Soybean Aphid Populations Low, But Continue Scouting Fields

Early 'insurance treatments' may cause more harm than good.

Published on: Aug 26, 2013

The weather has been perfect for soybean aphid reproduction in recent weeks, but populations in the field remain low. While it's not too late for soybean aphid populations to flare-up quickly under the right conditions, but most University of Nebraska Extension entomologists believe that this will be a year with few aphid problems.

According to Wayne Ohnesorg, UNL Extension educator, aphid populations were so low last summer due to the extreme heat that researchers believe there weren't enough in existence this spring to cause many problems.

Ohnesorg told producers at UNL soybean management field days near Pierce recently that those who treat for aphids when they are not there may bring on more problems for themselves. Some farmers have made a practice of adding insecticide with a final soybean herbicide application as an "insurance treatment" for aphid problems, he said.

TALKING APHIDS: UNL Extension educator, Wayne Ohnesorg (right), visits with farmers at the UNL soybean management field day event near Pierce.
TALKING APHIDS: UNL Extension educator, Wayne Ohnesorg (right), visits with farmers at the UNL soybean management field day event near Pierce.

"Early treatments often take out natural enemies of the aphids" that are keeping their populations under control, Ohnesorg said. "Natural predators are important." He said that these insurance treatments often wipe out the aphid predators like lady beetles, lacewings and minute pirate bugs and allow a window for aphid populations to explode later on, particularly in years when most fields don't have significant populations. It is also a waste of money, he said.

UNL yield studies on seed treatments and their impact on aphid populations have proven that treatments do not effectively keep aphid numbers under control because the aphids are not present in the field when the treatments are active. Treatments work well at minimizing crop injury from other early pests like bean leaf beetles, but aphids arrive in fields late in the season, generally in mid-July to late-August, long after the usual 30-day treatment effectiveness has passed, Ohnesorg said.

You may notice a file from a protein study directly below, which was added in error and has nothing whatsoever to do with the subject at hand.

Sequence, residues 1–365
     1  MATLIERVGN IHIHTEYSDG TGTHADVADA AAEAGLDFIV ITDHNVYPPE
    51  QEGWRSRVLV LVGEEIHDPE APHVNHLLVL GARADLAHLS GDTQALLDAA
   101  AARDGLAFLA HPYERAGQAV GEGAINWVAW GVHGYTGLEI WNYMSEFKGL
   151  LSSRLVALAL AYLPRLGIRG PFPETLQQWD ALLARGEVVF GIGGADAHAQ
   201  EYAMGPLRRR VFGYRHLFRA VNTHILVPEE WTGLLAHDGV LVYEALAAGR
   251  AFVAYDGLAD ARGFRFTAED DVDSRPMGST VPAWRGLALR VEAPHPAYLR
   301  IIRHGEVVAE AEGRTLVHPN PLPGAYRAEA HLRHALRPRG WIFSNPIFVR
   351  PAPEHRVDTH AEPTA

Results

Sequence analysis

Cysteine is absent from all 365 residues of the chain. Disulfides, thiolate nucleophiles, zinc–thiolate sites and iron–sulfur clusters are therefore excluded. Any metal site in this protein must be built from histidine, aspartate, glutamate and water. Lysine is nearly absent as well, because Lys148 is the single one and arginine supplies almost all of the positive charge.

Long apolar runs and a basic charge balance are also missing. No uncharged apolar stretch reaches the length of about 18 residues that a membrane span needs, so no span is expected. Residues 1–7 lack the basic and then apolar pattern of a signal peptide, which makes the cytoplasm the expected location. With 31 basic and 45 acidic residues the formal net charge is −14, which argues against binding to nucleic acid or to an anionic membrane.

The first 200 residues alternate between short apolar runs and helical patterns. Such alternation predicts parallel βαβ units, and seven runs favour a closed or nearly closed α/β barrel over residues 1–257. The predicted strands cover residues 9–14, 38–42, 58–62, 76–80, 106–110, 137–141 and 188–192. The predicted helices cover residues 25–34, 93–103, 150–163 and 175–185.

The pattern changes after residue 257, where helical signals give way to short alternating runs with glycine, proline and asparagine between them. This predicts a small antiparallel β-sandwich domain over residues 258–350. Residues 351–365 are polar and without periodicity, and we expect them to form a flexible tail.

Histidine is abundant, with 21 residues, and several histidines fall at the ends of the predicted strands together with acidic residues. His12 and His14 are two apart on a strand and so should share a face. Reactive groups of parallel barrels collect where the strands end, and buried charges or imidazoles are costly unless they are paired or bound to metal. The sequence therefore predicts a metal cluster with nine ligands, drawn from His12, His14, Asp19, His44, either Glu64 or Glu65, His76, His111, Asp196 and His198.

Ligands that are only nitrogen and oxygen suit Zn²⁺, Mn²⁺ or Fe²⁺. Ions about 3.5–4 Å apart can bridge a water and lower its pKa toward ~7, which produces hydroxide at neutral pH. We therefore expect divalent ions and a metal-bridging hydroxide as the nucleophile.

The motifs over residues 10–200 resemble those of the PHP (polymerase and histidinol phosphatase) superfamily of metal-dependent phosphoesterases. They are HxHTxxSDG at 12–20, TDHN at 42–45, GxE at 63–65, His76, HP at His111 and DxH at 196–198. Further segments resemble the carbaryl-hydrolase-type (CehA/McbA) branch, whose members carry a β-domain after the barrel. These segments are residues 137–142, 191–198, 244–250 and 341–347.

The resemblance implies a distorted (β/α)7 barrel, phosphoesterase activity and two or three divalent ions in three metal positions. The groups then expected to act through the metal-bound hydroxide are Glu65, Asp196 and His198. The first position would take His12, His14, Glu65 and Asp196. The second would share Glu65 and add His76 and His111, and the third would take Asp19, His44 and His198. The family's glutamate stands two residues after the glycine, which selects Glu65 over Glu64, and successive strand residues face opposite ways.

While there is no known current insecticide resistance in soybean aphids, relatives to soybean aphids have exhibited resistance issues, Ohnesorg said. "This is a reason for stewardship," he said.

Keeping insecticide treatments at a minimum and only using them when there are threshold aphid populations in the field will keep the risk of insecticide resistance low.

While aphid populations are currently considered low in most prominent soybean producing counties, UNL Extension entomologists encourage producers to continue to scout fields. "I had to work to find just a few aphids in these fields," Ohnesorg said of the Pierce soybean management field site on the Mike Krueger farm. "But we can see quick flare-ups."

He said that aphid flare-ups can still occur at individual field sites under the right conditions, so scouting should be maintained until soybeans are well into R6 stage.

Field day events, co-sponsored by UNL Extension and the Nebraska Soybean Board, were also held at farm sites near Minden, York and Waterloo. UNL Extension researchers covered soybean topics like irrigation, fertilization, row spacing, weed management and insect and disease issues.

If you'd like to learn more about current soybean aphid conditions and control, contact Ohnesorg at 402-370-4044, or UNL Extension entomologist, Tom Hunt, at 402-584-3863.